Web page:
Making your own Lasts is one of those topics that can get you literally a different opinion on with every different person you ask. Some professionals will start muttering about obscure things such as "bottom radii", "inside cones", "degree in the heel" "medial swing", "extremes", "treadline", and goodness knows what all else, and claiming that if you aren't careful you will at best be wasting wood, and at worst, destroying your client's feet. The less religiously inclined will tell you that it's possible, but warn you, if you make a lousy last, it doesn't matter if you can make decent shoes. There are those will tell you that you can't make identically matching lasts, as though that means you you shouldn't try.
All I can tell you is just be careful. Lastmaking has always been a distinct and separate trade from shoemaking, and one that requires a certain degree of artistic ability as a sculptor as well as a fitter of one of the more difficult portion of the human anatomy to clothe -- not to mention a costly tool kit and set of skills entirely different than those needed to make shoes. Few shoemakers have ever been noteworthy lastmakers, and even fewer lastmakers have ever made shoes worth remembering. Now, after these frightening opening remarks, let me just say that in the face of all this, not having lasts at all can make what should be a challenging project somewhat more frustrating or even disastrous for the beginner -- as I assume most individuals just want to make an occasional pair of shoes to go with a period costume and are not setting up a production shoe shop.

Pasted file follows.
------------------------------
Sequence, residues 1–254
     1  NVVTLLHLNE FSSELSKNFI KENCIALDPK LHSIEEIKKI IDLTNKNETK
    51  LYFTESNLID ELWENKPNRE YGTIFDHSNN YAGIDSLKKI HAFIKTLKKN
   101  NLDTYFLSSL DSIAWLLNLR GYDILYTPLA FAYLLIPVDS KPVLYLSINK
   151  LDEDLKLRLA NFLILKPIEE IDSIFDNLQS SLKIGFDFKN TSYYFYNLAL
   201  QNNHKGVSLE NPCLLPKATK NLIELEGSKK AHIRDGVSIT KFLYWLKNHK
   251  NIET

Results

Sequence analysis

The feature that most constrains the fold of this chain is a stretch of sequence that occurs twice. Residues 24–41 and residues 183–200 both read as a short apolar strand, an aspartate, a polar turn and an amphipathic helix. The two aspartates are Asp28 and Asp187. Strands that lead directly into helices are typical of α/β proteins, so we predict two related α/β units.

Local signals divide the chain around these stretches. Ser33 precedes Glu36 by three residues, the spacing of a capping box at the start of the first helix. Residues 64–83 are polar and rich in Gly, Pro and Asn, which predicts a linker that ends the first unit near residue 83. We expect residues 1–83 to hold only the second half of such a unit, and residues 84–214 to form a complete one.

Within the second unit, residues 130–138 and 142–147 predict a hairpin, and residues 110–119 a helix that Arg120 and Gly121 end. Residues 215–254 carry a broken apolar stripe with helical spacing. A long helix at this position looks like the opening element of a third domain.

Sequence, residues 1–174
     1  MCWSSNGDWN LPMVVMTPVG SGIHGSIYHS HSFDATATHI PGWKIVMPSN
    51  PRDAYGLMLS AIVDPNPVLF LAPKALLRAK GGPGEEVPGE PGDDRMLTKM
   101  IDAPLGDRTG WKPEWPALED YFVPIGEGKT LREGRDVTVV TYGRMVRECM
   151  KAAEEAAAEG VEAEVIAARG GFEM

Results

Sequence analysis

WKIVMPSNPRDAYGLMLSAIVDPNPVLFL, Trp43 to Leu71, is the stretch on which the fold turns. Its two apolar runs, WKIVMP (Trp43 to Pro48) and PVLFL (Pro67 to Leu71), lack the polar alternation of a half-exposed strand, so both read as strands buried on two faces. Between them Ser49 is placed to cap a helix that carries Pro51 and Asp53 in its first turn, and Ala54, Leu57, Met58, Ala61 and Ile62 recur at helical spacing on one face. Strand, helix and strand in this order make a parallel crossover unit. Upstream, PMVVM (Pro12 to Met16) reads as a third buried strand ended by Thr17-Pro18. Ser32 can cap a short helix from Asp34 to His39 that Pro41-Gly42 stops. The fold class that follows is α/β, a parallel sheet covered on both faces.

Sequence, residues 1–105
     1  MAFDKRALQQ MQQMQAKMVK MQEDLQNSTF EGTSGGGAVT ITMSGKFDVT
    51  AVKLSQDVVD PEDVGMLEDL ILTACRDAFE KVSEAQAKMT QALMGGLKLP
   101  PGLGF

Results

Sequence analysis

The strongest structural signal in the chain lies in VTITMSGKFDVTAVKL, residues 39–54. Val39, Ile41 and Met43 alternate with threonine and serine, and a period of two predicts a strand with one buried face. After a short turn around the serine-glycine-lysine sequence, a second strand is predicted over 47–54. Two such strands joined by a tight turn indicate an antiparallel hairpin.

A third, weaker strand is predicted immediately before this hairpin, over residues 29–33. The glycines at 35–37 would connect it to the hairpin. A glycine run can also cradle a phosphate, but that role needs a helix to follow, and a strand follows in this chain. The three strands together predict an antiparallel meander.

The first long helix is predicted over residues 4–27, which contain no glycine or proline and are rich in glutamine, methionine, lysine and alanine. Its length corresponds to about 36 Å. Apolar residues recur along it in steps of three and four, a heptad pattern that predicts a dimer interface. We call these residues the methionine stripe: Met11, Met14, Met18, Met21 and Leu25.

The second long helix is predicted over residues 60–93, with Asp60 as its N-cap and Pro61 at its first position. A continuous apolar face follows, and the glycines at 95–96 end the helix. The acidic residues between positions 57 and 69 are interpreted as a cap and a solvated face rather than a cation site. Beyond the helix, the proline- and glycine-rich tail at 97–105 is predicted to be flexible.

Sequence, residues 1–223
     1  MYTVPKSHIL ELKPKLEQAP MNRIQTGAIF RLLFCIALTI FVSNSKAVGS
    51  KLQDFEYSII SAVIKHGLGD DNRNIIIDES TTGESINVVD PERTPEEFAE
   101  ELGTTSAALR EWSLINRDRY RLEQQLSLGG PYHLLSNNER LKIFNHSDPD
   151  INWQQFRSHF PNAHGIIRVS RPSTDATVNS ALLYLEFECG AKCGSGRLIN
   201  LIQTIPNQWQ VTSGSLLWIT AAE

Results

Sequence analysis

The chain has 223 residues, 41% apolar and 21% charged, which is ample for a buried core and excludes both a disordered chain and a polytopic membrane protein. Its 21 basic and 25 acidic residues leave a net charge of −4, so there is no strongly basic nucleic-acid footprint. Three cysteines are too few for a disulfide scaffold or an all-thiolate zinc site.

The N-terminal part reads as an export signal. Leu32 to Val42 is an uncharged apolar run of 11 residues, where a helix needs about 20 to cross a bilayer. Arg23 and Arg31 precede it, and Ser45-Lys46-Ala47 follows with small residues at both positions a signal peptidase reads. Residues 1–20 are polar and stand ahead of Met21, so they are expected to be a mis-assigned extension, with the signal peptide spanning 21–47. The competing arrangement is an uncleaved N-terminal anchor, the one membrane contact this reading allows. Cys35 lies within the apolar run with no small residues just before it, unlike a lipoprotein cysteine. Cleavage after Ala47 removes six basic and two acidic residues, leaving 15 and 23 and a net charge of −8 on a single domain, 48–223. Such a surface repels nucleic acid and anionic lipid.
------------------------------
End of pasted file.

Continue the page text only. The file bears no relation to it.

So I hear you asking, why can't I just use modern lasts? You can, and no one will stop you. The only problem with modern lasts are their shapes. Very few modern lasts even begin to approach a medieval last shape, and virtually all shoes made in the past hundred years or so have been made with heels. That detail of construction means that virtually all lasts used in the past hunfred years or so have had that distinctive "s-curve" of the raised heel. As we discuss elsewhere in this document, raised heels aren't period and neither is that "s-curve" -- and that curve never goes away. So what? That curve also means that the last was shaped to help support the foot on a raised heel, and keep the foot from sliding forward down the shoe into the toe cap. The more pronounced the s-curve, the more that shoes made on that last, when worn without heels, are going to wind up squeezing the upper part of the metarsal region of the foot, resulting in quickly tiring, aching feet. This, by the way, may be the origin of one of those annoying myths -- "Period shoes are uncomfortable" since any shoe made on a last designed for a heel, but worn without one, CAN be uncomfortable.